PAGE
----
3rd September 2020 • Emma Cooper
Happy September all! I can’t quite get my head around the fact we are this far through the year? I don’t know about you, but to me it still feels as if we are in March.
As an autistic adult, daily routines help me know ‘where I am’ in the world. With COVID, the majority of us have found our daily, weekly, monthly and even seasonal routines have gone out the window and I am sure many more non-autistic people can better imagine how it feels to have your sense of self, place and time and space differ when your routines are interrupted.
How routine helps us
Routines matter to us all and with clever organisation they can usually be maintained no matter what.
I have a fond memory of one of my daughters having a routine of watching Police, Camera, Action! on TV before bed. It was a fly-on-the-wall type documentary following the day-to-day life and work of UK police officers. It often ended in an M25 car chase and the police dogs capturing the criminal.
When we went to Amsterdam to visit Anne Frank’s house, it got to bedtime and I was panicking as I didn’t have Police, Camera, Action! to rely on in Holland! Luckily, after flicking through many hundreds of TV channels in our hotel room (not a wise thing to attempt in Amsterdam, I can tell you) I managed to find a Dutch version of the show. It was not in English, but it followed the same formula: car chase, dogs out, criminal arrested and SLEEP!
We all have routines even if we aren’t autistic or don’t have a disability. It’s just that for autistic people, our routines may be more intense, hourly rather than daily, harder to navigate, or cause much more distress to us if they have to change.
Keeping us grounded
Everyone has a certain place they would rather sit in a restaurant, a food shop they prefer to shop in, a hairdresser they would rather visit. We have certain days of the week we like as our day off, and a place we take the dog to walk more than others. It helps us keep our compass.
Many of us have had to adapt our routines over the last few months, and now that has changed, with workplaces and schools returning, it’s going to seem strange for a while.
When I was studying social sciences in my 20s, the university lecturer taught us how much of our sense of self, our identity and self-esteem is attached to our work roles. Work of whatever level means more to us than a uniform, it becomes part of us. It affects not only how others see us but, more importantly, how we see ourselves.
Since March, the suits have been left in their dry cleaning wrapper in the wardrobe, replaced by tracksuits; the dresses used for business have been replaced with something stained so you don’t mind if the children’s paint and home ed crafts get splattered on it; the hair straighteners that made you feel ready to face the day have been rendered pointless as nobody has seen you.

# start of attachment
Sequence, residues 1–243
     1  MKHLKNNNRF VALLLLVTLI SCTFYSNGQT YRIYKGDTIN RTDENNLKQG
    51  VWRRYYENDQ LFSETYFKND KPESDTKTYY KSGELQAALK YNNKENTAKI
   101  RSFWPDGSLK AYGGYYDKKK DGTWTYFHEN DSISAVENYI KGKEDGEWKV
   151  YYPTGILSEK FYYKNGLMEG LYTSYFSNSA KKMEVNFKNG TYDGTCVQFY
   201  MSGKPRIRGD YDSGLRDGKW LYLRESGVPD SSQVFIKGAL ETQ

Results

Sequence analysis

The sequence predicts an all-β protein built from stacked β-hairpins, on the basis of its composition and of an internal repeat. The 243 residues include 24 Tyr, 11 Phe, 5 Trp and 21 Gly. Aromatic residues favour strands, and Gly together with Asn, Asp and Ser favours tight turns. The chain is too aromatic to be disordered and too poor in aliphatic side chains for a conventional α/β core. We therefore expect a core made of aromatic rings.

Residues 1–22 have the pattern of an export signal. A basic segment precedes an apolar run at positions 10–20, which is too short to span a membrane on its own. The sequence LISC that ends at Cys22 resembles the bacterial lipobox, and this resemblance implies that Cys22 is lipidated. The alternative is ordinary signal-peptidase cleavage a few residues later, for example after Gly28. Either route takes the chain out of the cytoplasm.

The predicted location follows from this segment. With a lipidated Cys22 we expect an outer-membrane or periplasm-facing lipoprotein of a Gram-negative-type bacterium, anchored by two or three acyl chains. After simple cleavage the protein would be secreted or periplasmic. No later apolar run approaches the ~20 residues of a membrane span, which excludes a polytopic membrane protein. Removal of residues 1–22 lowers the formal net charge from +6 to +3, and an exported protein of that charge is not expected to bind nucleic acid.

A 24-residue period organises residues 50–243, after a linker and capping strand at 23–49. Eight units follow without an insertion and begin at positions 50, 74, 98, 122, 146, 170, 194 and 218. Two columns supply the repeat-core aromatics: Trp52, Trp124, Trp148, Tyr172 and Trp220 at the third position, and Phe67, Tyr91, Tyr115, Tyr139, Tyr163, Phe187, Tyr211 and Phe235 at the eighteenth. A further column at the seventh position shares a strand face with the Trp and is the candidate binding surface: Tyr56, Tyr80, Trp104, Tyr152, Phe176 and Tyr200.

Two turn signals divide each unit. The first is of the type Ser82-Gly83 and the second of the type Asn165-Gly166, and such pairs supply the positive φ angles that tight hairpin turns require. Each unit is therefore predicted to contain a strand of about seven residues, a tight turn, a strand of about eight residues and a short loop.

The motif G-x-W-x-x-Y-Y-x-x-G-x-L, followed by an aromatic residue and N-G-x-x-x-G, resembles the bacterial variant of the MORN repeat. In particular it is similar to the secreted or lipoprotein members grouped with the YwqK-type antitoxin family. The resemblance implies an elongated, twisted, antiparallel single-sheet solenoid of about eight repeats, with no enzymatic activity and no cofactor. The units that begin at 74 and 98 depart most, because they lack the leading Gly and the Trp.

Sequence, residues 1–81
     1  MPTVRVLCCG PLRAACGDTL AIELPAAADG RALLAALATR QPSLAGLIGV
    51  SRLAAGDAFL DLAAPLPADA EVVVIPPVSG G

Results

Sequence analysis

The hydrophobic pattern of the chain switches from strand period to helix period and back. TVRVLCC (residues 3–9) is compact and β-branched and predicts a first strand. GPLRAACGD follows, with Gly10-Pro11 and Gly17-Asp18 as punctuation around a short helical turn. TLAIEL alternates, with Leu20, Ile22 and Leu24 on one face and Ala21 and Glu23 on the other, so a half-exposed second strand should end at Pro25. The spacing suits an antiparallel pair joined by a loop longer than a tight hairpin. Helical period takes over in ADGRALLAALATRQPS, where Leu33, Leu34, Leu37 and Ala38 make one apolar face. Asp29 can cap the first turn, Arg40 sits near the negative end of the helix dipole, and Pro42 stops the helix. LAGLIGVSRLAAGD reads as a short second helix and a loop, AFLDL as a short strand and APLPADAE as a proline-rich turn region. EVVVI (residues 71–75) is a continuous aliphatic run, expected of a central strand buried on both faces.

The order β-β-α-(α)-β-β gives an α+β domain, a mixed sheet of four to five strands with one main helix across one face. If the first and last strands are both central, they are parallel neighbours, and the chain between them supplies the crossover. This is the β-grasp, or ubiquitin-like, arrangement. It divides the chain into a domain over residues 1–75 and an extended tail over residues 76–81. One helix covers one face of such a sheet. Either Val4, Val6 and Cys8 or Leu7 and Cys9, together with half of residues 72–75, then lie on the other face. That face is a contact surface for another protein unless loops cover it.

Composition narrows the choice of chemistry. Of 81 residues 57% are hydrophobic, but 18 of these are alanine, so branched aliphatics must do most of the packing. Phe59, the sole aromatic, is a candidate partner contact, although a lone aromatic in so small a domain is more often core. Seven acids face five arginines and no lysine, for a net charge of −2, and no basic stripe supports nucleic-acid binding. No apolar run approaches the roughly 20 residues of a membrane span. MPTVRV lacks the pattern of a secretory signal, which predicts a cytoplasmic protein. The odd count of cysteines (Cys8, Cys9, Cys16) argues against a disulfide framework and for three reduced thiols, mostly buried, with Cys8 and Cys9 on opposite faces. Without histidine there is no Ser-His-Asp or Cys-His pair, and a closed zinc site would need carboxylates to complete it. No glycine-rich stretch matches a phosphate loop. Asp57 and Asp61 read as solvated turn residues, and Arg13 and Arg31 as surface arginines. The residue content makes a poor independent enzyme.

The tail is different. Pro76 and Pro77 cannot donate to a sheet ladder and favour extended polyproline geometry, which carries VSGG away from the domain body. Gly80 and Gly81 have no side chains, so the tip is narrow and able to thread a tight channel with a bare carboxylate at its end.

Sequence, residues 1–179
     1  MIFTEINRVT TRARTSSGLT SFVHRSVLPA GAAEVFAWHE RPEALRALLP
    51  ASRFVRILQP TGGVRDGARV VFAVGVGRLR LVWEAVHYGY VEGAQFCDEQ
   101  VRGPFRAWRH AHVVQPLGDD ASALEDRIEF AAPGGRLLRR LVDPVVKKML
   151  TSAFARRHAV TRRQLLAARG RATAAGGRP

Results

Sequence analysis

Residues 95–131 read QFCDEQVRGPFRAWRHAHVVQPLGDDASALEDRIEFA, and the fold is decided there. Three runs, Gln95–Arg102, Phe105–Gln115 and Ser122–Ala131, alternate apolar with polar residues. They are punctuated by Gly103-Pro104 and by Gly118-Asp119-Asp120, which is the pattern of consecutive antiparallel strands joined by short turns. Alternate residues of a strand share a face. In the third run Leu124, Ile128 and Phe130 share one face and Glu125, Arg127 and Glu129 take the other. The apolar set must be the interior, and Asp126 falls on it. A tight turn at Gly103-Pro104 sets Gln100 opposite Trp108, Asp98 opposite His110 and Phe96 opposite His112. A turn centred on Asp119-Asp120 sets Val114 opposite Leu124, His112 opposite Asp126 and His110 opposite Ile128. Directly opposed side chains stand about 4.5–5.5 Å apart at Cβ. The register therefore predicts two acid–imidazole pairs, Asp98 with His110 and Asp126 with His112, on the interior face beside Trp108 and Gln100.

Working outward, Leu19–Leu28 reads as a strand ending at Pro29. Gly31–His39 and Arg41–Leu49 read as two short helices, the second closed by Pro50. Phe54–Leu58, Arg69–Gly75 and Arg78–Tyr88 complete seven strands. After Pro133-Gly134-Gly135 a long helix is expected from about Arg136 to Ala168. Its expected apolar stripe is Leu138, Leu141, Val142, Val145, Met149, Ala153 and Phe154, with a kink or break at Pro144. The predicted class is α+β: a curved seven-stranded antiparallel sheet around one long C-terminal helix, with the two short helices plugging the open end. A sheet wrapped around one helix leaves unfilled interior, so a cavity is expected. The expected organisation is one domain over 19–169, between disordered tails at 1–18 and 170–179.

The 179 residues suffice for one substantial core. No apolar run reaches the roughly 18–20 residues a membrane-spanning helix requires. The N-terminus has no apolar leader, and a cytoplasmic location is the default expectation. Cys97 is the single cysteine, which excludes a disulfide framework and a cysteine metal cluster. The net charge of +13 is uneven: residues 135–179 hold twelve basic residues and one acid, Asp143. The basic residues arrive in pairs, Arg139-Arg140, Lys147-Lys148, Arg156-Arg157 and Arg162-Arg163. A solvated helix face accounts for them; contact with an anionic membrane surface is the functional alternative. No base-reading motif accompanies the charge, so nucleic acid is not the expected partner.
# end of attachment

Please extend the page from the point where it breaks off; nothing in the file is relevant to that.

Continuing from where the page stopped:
Perhaps it’s the friendly staff you met at the shop you’d buy your lunch in every day, or even the parents you could scrape a 10-minute catch up with outside the school gates at 3pm each day? Everything has changed. In turn, so have we, so has how we feel and view ourselves in the context of the wider world.
Accepting your normal
My thoughts are also with the parents who, just as they do every September, feel their family’s needs differ dramatically to others’.
There is unique emotion felt when social media is a tsunami of back-to-school photos and your child cannot access school. A guilty feeling if your child is in school but not flourishing when the GCSE and A level grades are announced. A dread that fills our every hour when our hearts and heads are torn between work and home. I get it, whatever path you choose for your family and your own set of unique playing cards, there is no easy option.
We often don’t realise until things change just how unique the hand of cards we have is.
I can recall being around a friend’s house and seeing their then 4 year old take themselves upstairs to return 10 minutes later washed, teeth brushed and in their PJs when that is something that had never happened with my much, much older child.
I can remember the jolt of realisation that perhaps OUR normal wasn’t AT ALL normal, but I had just accepted our way of living so much day in, day out that now normal seemed anything but?
It made me kinder to myself too. If that is the level of parenting expectation by one household, how could I ever compare my own household and parenting expectations to another again? If you can’t compare one household to another, why should I ever feel like I’m failing again, when the blueprint design of milestones, rules and behaviour is so wildly different.
It was liberating. I hope you too have a sense of ‘actually my experiences are different and valid’ too; particularly as we move into a new academic year.
I hope that your child’s return to education and your return to work as parents, however much loss has occurred, be it financially or emotionally, you have the confidence to know how you’re feeling is natural and that it isn’t just you feeling this way. Many people, be it a child, an apprentice, a manager or a CEO will need kindness and space to find their identity and place in their personal and work worlds again.